VMware’s acquisition of monitoring software maker Wavefront for an undisclosed sum is a move core to VMware’s strategy to round out its portfolio for facilitating and managing hybrid cloud environments. It highlights in the need to ensure that applications running between private and public clouds perform up to par.
VMware has been on a news blitz this week, announcing updates to many of its management products and one specific focus has been on enabling hybrid cloud computing.
The company has a stronghold in its compute virtualization software based on vSphere, but as more enterprises use public cloud services, VMware is extending the support of its management tools to include off-premises resources. VMware hopes that any customer looking to use Amazon Web Services, Microsoft Azure or Google Cloud Platform will choose the company’s vRealize Suite to centrally manage their on-premises virtualized environments and the public cloud.
VRealize Suite combines management software products, such as the newly updated vRealize Operations 6.2, which is meant to be a portal for monitoring and managing a virtual environment. It gives users a central view into all of the virtualized resources in an environment, allowing issues to be resolved and compliance monitoring to be done from a single interface.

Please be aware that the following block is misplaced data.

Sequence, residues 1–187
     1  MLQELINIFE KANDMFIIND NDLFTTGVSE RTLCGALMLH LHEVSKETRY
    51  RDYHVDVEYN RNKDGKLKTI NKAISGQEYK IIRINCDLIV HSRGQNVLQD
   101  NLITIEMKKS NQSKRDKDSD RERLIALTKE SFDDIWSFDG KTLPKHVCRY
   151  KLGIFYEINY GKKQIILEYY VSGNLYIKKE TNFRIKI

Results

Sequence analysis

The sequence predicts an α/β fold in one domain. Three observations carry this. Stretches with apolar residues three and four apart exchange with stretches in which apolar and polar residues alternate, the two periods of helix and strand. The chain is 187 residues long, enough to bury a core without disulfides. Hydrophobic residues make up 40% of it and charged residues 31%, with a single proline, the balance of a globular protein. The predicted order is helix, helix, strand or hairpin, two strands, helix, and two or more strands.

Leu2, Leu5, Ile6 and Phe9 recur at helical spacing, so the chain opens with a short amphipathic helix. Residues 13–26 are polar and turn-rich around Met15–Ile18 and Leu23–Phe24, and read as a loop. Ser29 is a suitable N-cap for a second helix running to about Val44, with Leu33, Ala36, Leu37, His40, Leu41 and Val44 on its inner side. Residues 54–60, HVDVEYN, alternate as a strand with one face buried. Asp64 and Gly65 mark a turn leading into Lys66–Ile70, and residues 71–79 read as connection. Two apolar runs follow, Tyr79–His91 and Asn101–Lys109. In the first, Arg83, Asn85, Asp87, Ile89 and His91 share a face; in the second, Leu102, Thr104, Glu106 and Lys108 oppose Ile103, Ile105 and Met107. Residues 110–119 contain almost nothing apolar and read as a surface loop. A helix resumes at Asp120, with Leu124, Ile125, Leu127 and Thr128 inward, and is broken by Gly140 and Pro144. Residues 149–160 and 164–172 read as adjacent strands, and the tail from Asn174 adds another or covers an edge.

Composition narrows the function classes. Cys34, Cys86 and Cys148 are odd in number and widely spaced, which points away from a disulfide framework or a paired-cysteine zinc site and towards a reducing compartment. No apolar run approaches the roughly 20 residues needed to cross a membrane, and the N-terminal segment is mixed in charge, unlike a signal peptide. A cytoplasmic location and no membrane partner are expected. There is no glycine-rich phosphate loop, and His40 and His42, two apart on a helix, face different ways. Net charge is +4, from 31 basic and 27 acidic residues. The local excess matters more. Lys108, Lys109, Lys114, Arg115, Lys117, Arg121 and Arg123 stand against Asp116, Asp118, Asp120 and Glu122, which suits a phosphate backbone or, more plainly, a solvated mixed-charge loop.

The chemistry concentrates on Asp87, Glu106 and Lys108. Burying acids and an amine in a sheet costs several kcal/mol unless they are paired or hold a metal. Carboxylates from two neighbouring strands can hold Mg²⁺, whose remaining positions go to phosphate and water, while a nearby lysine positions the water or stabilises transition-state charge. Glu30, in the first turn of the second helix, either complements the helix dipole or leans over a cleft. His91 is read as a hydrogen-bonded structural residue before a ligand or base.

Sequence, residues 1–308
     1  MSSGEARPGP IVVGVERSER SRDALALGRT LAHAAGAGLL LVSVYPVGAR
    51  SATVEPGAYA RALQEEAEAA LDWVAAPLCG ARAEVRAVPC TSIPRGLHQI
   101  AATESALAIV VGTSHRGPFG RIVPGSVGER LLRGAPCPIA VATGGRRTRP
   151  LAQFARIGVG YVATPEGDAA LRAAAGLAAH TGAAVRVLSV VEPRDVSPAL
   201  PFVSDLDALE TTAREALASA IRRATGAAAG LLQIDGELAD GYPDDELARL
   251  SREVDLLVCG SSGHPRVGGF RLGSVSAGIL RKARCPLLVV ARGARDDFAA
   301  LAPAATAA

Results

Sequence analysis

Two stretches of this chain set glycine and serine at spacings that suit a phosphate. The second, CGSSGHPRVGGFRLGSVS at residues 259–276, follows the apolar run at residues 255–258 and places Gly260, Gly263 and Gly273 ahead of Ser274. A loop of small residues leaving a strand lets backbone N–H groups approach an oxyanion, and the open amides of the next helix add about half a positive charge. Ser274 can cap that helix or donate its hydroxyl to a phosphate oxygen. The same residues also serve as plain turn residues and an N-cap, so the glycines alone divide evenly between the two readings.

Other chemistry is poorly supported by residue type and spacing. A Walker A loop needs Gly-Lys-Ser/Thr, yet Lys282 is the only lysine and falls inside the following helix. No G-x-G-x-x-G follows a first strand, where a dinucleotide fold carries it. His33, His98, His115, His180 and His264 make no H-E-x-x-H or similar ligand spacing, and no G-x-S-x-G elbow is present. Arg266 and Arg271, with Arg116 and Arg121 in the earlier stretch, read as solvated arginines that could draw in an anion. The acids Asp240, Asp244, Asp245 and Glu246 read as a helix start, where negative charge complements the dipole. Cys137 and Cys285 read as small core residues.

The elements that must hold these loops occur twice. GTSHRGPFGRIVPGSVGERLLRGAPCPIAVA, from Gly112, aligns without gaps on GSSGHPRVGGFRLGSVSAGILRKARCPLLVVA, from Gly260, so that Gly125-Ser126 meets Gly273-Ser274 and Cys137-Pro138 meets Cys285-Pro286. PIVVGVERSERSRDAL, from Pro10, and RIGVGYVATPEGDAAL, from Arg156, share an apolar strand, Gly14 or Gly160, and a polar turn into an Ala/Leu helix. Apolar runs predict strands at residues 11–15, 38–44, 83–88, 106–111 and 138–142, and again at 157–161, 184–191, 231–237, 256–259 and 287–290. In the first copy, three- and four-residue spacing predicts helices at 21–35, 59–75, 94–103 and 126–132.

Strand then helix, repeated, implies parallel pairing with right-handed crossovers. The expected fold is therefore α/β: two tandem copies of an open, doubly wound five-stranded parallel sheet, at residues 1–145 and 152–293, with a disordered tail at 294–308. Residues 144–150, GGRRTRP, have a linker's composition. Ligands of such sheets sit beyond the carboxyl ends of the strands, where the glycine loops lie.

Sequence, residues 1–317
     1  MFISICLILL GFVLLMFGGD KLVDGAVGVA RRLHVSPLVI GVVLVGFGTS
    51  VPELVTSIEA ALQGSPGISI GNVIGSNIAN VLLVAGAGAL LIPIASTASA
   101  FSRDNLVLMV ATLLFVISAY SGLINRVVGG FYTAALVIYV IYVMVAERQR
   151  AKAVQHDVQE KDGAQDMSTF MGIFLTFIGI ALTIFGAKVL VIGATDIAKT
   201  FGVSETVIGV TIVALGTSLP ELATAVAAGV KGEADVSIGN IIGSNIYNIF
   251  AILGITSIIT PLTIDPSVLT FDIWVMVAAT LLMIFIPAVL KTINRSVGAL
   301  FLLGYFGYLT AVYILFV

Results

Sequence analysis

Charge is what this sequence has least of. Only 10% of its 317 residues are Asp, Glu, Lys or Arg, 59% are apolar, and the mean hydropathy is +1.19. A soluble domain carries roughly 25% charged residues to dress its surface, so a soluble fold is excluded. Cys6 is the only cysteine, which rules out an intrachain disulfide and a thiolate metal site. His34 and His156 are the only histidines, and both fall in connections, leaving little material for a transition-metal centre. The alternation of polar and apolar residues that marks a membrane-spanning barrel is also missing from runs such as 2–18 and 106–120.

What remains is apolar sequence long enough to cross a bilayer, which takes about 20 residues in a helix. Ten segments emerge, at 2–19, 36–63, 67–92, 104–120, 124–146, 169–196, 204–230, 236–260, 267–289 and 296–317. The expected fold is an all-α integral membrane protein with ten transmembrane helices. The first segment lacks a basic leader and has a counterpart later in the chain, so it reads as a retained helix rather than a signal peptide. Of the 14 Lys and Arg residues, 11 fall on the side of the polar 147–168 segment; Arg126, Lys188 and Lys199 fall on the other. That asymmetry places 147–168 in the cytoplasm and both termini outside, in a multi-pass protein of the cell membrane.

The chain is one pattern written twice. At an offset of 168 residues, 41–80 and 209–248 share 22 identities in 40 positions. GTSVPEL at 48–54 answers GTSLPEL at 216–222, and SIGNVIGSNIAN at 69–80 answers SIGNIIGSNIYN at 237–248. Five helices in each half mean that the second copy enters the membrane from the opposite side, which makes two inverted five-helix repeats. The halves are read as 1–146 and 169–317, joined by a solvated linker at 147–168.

VMware co-founder Diane Greene, recently appointed as the head of Google’s cloud business, adds operating responsibility to her role on Alphabet’s board of directors. Greene’s new title will be SVP of Enterprise Businesses, reporting to Google CEO Sundar Pichai, who also announced in a blog post last night that Google would acquire bebop, a cloud computing software development company founded by Greene, for an undisclosed amount.
One reason for restructuring Google into Alphabet was to recruit top managers to run the company’s many different businesses. Likewise, Google under Pichai has a broad span of businesses and technologies, impossible for any single person to lead. Greene’s appointment and new cloud organization seem to be intended to bring focus to growing the cloud business under a proven leader, in the same way that Alphabet CEO Larry Page intended when he reorganized the company.